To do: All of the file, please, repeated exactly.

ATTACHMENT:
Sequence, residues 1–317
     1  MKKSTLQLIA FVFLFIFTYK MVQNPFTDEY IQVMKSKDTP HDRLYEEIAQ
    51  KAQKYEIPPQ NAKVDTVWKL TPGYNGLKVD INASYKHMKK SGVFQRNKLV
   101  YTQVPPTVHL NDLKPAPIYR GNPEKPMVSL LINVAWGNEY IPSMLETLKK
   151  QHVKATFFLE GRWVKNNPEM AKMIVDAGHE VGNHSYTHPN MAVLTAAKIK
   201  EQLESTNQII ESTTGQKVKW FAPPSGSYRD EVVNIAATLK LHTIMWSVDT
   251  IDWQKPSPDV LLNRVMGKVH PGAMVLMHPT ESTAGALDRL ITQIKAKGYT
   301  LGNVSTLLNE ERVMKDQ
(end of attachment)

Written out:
Sequence, residues 1–317
     1  MKKSTLQLIA FVFLFIFTYK MVQNPFTDEY IQVMKSKDTP HDRLYEEIAQ
    51  KAQKYEIPPQ NAKVDTVWKL TPGYNGLKVD INASYKHMKK SGVFQRNKLV
   101  YTQVPPTVHL NDLKPAPIYR GNPEKPMVSL LINVAWGNEY IPSMLETLKK
   151  QHVKATFFLE GRWVKNNPEM AKMIVDAGHE VGNHSYTHPN MAVLTAAKIK
   201  EQLESTNQII ESTTGQKVKW FAPPSGSYRD EVVNIAATLK LHTIMWSVDT
   251  IDWQKPSPDV LLNRVMGKVH PGAMVLMHPT ESTAGALDRL ITQIKAKGYT
   301  LGNVSTLLNE ERVMKDQ